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The Supreme Court declined Apple’s bid for a hearing over two Qualcomm patents

Qualcomm sued Apple in San Diego federal court in 2017, arguing that its iPhones, iPads and Apple Watches infringed a variety of mobile-technology patents

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Aizaz khan
Aizaz khanhttps://myelectricsparks.com/aizaz-khan/
Aizaz was the first person to get a byline on his blog on technology from his home in Bannu in 2017. Then, he went on to a career in breaking things professionally at my electric sparks which is where he eventually took over the kit as a hardware editor. Today, as the senior editor of hardware for my electric sparks, he spends time reporting about the most recent developments in the hardware industry and technology. If he's not reporting on hardware or electronics, you'll see him trying to be as remote from the world of technology as possible through camping in the wild.

The Supreme Court declined Apple’s bid (pdf) for a hearing over two Qualcomm patents (US Patent No. 7,844,037 and US Patent No. 8,683,362) that were part of lawsuits filed in 2017, claiming infringement by Apple’s iPhones, iPads, and Apple Watches.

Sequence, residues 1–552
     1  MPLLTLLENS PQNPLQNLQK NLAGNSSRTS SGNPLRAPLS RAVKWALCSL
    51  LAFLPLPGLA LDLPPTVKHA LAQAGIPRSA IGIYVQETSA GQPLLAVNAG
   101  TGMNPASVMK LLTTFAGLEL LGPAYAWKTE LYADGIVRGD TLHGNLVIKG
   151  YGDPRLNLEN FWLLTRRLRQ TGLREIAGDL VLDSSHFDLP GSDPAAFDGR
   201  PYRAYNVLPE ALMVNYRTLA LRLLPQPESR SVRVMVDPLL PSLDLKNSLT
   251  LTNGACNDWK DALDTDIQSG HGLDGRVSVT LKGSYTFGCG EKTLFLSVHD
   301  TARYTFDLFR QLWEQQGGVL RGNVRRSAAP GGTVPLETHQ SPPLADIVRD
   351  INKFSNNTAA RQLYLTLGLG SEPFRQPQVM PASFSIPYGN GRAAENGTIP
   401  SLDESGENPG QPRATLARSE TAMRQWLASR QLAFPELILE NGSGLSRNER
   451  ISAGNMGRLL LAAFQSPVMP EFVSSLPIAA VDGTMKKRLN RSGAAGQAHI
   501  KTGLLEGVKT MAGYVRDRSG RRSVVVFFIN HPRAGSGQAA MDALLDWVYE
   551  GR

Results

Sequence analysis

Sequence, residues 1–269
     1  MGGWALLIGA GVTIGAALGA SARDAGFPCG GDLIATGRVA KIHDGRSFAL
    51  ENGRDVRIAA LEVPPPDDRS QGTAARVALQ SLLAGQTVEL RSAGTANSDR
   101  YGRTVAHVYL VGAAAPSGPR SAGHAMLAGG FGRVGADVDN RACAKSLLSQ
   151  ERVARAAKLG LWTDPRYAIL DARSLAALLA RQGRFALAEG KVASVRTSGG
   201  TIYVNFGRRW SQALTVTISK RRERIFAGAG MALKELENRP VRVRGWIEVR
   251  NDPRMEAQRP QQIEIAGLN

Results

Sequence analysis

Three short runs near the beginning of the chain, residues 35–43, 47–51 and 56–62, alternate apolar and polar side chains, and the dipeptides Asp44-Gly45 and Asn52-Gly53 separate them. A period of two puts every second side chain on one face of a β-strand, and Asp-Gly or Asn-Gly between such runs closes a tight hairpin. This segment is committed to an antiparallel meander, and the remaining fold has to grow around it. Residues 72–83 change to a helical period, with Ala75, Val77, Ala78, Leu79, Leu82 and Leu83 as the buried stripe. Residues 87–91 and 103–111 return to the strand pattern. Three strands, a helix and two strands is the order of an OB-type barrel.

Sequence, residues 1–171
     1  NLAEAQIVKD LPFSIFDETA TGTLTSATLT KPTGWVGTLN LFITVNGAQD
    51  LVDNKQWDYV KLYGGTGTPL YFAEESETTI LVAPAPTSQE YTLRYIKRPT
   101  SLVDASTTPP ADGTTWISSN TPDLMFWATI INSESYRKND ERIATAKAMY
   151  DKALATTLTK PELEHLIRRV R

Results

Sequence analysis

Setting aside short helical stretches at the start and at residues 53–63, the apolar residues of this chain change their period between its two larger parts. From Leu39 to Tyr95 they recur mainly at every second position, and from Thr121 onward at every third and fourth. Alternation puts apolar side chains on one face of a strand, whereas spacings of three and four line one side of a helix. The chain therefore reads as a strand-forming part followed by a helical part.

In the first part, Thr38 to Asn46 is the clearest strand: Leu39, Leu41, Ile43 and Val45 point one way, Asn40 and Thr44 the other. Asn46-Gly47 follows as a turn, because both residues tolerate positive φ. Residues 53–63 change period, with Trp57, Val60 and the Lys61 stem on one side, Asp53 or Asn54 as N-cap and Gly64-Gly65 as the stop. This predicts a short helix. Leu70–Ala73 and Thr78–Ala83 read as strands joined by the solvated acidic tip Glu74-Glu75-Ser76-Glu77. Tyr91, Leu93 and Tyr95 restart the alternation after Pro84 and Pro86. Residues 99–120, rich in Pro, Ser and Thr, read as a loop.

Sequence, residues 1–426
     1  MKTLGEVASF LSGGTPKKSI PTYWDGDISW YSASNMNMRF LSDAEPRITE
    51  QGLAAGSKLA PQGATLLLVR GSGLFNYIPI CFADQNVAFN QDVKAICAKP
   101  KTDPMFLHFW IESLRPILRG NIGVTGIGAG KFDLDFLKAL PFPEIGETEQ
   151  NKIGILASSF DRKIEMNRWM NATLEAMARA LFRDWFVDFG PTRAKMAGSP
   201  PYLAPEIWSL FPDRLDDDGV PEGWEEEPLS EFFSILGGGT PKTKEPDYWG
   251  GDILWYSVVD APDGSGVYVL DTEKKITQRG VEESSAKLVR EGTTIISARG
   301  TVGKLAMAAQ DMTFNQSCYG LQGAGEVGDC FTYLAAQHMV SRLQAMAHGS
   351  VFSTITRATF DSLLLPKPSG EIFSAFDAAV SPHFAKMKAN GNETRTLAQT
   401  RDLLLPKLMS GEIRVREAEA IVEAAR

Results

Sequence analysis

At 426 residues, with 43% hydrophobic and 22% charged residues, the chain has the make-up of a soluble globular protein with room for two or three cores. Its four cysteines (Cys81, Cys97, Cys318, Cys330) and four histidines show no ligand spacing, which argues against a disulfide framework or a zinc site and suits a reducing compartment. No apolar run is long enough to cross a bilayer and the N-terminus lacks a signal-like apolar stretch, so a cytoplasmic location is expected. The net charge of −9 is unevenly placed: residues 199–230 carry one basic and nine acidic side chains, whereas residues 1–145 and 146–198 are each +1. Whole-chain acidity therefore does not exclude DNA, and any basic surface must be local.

Reuters points out that Apple and Qualcomm’s 2019 settlement of a worldwide legal battle over patents largely ended the squabbling in favor of a six-year licensing agreement but allowed a case in front of the Patent and Trademark Office’s Patent Trial and Appeal Board to continue. There, Apple argued the two patents should be invalid, but the board ruled in Qualcomm’s favor.

Image: Supreme Court (pdf)

Last April, the Federal Circuit court rejected Apple’s request for an appeal based on the 2019 settlement covering thousands of patents, including those two. At the time, Apple argued that its royalty payments and risk of being sued again were reasons for a hearing.

In its appeal to the Supreme Court (pdf), Apple argued that Qualcomm might use the patents in a lawsuit again once the license expires in 2025 or 2027 if it’s extended. The Department of Justice under the Biden administration submitted an amicus brief rejecting those arguments in May and asked the Supreme Court to deny Apple’s request. Now that it has, we’ll probably have to wait until that license agreement eventually expires to know what will happen next.

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